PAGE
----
Shell ships: Antarctic species threatened by crabs and barnacles clinging to ships
Invasive species from around the world are hitchhiking on ships visiting Antarctic waters, bringing with them a threat to native species.
Fishing, research, supply and tourist vessels from 1,581 ports connected to Antarctica could carry seaweed, barnacles, crabs and mussels. These species attach themselves to the hulls of ships in a process called “biofouling” that exposes the once pristine continent to visitors from around the world.
“Invasive non-native species are one of the greatest threats to Antarctica’s biodiversity – its native species have been isolated over the last 15 to 30 million years. They can also have economic impacts, via the disruption to fishing,” said Professor David Aldridge of the University of Cambridge.
Aldridge is co-author of a new report on the threat of maritime traffic in Antarctica, published in the online journal PNAS.
Of particular concern are species in the North Pole region, which are already adapted to a cold climate, which hitchhike on research or tourist vessels that spend time in the Arctic before heading to Antarctica for the antipodal summer season.
“The species that grow on a ship’s hull are determined by where it has been. We found that fishing vessels operating in Antarctic waters visit a fairly small network of ports, but tourist vessels and supplies are traveling around the world,” said study co-author Arlie McCarthy of the University of Cambridge and the British Antarctic Survey.
Research vessels stay longer in Antarctic waters, according to the report, than ships on sightseeing excursions. But fishing and supply ships stay even longer. Researchers had previously found that the longer the stay, the more likely invasive species were to take hold.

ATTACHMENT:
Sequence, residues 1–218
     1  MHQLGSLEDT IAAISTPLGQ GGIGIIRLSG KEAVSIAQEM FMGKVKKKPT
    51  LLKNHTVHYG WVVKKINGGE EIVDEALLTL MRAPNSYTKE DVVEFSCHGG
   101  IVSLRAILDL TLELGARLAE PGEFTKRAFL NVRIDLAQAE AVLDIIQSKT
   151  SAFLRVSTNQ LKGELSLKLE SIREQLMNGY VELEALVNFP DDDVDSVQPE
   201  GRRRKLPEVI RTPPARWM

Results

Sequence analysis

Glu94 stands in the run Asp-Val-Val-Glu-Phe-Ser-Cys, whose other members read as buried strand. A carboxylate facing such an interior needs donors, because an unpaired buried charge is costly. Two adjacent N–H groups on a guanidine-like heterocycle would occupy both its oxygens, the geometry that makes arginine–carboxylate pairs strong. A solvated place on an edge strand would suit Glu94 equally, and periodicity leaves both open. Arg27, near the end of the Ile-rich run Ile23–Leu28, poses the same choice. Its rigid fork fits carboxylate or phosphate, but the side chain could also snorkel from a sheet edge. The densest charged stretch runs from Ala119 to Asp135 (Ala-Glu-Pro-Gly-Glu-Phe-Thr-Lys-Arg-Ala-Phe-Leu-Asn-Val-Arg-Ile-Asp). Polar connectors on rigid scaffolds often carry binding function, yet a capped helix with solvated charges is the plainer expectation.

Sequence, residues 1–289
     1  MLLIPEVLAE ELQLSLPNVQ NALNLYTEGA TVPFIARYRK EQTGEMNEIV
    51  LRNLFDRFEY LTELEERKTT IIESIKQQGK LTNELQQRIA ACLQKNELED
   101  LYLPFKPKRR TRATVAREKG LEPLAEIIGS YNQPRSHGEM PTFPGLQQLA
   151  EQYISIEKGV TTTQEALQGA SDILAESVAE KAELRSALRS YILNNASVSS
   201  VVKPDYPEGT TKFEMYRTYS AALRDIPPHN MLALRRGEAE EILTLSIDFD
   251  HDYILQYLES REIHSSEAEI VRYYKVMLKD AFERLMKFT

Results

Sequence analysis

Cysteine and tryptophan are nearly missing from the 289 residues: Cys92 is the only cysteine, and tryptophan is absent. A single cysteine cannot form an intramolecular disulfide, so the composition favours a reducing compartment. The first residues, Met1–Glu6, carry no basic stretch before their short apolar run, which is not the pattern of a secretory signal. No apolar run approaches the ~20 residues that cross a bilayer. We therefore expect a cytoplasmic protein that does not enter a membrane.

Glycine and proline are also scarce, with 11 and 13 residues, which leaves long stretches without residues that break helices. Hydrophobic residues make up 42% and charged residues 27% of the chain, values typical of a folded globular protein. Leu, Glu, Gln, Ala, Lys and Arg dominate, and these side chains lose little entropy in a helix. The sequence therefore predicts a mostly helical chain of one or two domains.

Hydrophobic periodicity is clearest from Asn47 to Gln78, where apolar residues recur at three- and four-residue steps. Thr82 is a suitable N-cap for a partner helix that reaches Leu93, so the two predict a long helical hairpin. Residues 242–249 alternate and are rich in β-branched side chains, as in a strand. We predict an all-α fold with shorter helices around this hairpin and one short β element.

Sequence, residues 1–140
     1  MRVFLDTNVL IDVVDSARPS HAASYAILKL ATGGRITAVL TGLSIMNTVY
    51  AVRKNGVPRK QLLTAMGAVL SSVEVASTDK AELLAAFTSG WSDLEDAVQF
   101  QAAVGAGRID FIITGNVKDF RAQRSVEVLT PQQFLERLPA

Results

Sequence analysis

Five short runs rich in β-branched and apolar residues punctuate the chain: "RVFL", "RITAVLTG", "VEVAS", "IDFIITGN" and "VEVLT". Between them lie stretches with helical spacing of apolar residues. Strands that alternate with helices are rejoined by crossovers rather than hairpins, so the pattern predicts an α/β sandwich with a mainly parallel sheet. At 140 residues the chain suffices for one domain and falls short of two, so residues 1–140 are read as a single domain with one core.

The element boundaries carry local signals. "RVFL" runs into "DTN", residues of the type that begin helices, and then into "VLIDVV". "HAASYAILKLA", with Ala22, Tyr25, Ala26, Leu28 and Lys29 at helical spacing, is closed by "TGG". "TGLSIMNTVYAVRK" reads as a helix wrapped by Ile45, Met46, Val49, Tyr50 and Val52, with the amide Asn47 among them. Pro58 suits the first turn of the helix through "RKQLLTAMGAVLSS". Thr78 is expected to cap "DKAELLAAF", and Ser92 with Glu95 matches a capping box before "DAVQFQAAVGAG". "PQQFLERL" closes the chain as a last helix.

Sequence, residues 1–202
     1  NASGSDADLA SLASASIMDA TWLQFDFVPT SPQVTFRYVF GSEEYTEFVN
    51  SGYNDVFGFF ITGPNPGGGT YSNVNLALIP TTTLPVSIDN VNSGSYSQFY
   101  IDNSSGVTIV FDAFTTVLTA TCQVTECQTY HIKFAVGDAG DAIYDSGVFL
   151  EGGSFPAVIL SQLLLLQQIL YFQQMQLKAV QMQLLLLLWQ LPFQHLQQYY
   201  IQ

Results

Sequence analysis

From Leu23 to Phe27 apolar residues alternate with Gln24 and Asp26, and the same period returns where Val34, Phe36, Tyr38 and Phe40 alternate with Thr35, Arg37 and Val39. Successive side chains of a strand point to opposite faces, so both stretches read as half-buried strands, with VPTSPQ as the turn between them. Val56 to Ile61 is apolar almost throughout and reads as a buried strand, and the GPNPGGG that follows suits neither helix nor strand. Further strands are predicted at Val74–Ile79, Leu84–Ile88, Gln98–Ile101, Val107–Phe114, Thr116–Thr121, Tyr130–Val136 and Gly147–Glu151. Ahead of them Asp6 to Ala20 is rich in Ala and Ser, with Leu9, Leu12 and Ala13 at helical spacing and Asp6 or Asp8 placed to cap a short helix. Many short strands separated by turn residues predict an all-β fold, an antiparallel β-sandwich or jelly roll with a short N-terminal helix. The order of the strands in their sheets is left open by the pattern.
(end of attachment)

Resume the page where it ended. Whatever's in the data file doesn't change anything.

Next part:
Because Antarctica is so remote, many native species have not developed a tolerance for non-native species. Mussels attached to ship hulls, for example, have no Antarctic competitors if introduced, and shallow-water crabs would pose a new predatory threat that native species have not encountered.
“We were surprised to find that Antarctica is much more globally connected than previously thought. Our results show that biosecurity measures need to be implemented in more places than ‘They currently aren’t,” McCarthy said. Although there are strict regulations intended to ban invasive species, McCarthy said their success “rely on having information to inform management decisions.”
The researchers hope the study can help detect non-native species before they become problematic.
The study used port call data and satellite observations from 2014 to 2018, which showed the ships most often sailed from southern South America, northern and western Europe. from the Pacific Ocean to Antarctic waters. The Southern Ocean surrounding the icy continent is Earth’s most isolated marine environment, supporting a fragile and unique ecosystem of plants and animals. So far, there are no known invasive species. But the additional shipping traffic increases the likelihood of accidental introduction of non-native plants and animals.
Invasive species can endanger krill fisheries in the Southern Ocean. Krill are tiny shrimp-like crustaceans that are found at the bottom of the food chain and are eaten by species ranging from baleen whales and penguins to fish and squid. They are also important for human nutrition as they are used in fish feed in aquaculture and in the pharmaceutical industry. A drop in krill biomass could starve filter feeders like the gigantic blue whale.
“Biosecurity measures to protect Antarctica, such as cleaning ship hulls, are currently focused on a small group of recognized ‘ports of entry’. With these new findings, we call for improved biosecurity protocols and environmental safeguards to protect Antarctic waters from non-native species, especially as ocean temperatures continue to rise due to climate change. climate,” said British Antarctic Survey researcher Lloyd Peck.
Edited by Richard Pretorius and Kristen Butler